Demand for plant-based meat alternatives is on the rise. Within just eight years from now, in 2030, it is estimated a minimum of 25m metric tons of plant-based meat is required to meet annual global market demand.
At this point, plant-based meat sales are predicted to comprise roughly 6% of the global meat market.
What ingredients targets must the sector – covering both plant-based terrestrial meats and seafood – meet to achieve this supply? Research published in The Good Food Institute’s (GFI) new report, Plant-based meat: Anticipating 2030 production requirements, investigates.
Scaling up existing ingredients
According to the GFI’s analyses, the eight most commonly utilised ingredients in the plant-based meat ingredient landscape include soy protein concentrate, soy protein isolate, wheat gluten, pea protein, coconut oil, canola oil, sunflower oil, and cocoa butter.
Unless a ‘significant’ market disruption takes place, GFI expects the plant-based meat industry to continue to rely on these ingredients in the coming years.
What does this mean for the future cultivation of these particular ingredients? Taking soy protein as an example, GFI estimates the plant-based meat industry will require three times the projected global supply of soy protein concentrate and 1% of the global supply of soy protein isolate, but only 2% of soy production overall, by 2030.
As soy protein is derived from one of the most widely traded commodities, supply chains are ‘well developed’. The biggest bottleneck is processing capacity. According to GFI additional investment into intermediary processing capacity will quickly unlock much greater volume.
The same is true for pea protein, with the main difference being that by 2030, the plant-based meat industry will require 10 times the projected global supply of enriched forms of peat protein and 34% of pea production overall, assuming current yields.
Spotlight on coconut oil
Investments in processing capacity is also required in the coconut oil sector. By 2030, the plant-based meat industry may require at least 16% of the global supply, according to GFI. Thanks to the ingredient’s high saturated fat content and resulting functional properties, coconut oil has become an essential component of a large share of plant-based products.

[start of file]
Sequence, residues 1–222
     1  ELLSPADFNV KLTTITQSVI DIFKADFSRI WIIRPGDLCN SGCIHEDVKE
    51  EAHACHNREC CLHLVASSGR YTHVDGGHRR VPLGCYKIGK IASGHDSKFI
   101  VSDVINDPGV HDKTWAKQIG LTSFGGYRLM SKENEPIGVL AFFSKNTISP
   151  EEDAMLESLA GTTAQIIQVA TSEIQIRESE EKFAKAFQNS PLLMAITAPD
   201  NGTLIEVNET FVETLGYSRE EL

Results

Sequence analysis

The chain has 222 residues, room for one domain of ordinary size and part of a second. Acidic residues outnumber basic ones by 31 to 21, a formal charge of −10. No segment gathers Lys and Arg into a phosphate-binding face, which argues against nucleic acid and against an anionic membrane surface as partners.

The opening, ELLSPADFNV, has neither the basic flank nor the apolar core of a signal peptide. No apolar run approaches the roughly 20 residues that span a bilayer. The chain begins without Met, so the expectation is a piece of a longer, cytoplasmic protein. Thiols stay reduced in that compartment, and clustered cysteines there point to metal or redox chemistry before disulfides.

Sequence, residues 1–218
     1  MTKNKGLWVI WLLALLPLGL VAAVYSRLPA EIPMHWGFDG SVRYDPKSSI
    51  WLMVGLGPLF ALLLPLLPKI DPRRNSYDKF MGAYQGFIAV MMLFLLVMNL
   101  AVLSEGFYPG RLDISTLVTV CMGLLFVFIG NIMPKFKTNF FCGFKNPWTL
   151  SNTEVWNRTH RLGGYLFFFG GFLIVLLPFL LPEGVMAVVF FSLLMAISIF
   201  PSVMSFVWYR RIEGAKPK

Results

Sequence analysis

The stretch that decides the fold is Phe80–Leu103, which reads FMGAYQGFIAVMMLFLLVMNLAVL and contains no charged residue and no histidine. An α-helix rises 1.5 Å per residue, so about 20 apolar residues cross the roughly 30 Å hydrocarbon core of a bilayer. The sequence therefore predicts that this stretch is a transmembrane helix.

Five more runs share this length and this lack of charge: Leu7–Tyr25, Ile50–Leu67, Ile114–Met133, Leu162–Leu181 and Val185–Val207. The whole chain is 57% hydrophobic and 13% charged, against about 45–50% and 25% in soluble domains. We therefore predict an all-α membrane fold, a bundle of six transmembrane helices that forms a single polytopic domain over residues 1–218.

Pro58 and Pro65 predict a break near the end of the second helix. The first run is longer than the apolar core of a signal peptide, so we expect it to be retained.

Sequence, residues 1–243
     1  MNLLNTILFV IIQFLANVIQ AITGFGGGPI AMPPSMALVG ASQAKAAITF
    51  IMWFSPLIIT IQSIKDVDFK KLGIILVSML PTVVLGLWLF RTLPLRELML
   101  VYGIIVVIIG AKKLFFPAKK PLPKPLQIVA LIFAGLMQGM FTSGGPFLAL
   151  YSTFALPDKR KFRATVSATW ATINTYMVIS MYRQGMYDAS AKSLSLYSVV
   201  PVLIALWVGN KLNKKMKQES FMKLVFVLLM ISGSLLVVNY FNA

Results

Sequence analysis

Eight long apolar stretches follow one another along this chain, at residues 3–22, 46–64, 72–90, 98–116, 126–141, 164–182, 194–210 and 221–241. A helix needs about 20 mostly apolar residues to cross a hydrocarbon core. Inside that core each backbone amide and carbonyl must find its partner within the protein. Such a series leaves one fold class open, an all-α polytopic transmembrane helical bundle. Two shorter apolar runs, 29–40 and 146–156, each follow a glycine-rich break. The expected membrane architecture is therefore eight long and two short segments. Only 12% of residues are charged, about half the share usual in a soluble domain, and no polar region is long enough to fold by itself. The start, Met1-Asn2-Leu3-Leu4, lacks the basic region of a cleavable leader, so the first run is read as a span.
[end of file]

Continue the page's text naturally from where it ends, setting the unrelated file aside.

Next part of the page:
And the plant-based meat sector is not the only one vying for its supply. It is also used across the food industry more generally, and in cosmetics.
With the majority of current coconut oil production taking place in Indonesia and the Philippines, the commodity is heavily export-dependent. This can lead to supply constraints and price volatility.
“If coconut oil retains its dominance in plant-based meat formulations and alternative means of production are not developed, additional investments in processing capacity and coconut cultivation would likely be required to keep pace with increased demand,” noted the report authors.
GFI also suggested industry seek to ‘rapidly diversify’ into alternative fats that provide substantially similar, or superior organoleptic qualities.
“Novel manufacturing methods for producing similar fats – such as using microbial strains or modifying more abundant plant fats – should also be explored.”
Diversifying ingredient supply
To mitigate future ingredient shortages, while optimising crops and ingredients to improve the organoleptic properties of plant-based meat, GFI recommends businesses explore opportunities in emerging protein sources.
Certain legumes, oilseeds, vegetables, nuts and cereals, for example, show ‘strong growth potential’.
Indigenous crops could be better suited to cultivation in various geographic regions. However, such crops will not have such stable supply chains, and GFI stressed that building them out requires ‘close collaboration’ and ‘significant investment’ from growers, ingredient processors, and manufacturers.
“Governments, multilateral agencies, and global development philanthropies can play a role in market-shaping activities such as farmer and processor loans, market guarantees, crop insurance schemes, and extension education programmes to support the development of robust supply chains for emerging plant protein sources,” noted the report authors.
To help suppliers meet potential variations in demand, GFI recommends strategic relationships be formed between ingredients players and food makers. This can also help to de-risk new investments in processing infrastructure for ingredient suppliers, and empower processors to build capacity in advance – to meet forecasted demand.
Efforts to improve the economic viability of existing ingredients, by focusing on sidestream utilisation, should also be made, according to GFI. The economic viability of novel crop supply chains can be ‘greatly enhanced’ by identifying value-added applications for starch- and fibre-rich fractions, the authors stressed, which could be downcycled into feed.
The report authors continued: “Likewise, the industry should also investigate potential opportunities to use the sidestreams of other industries, such as spent grain used for brewing, as functional and cost-effective inputs for plant-based meat.”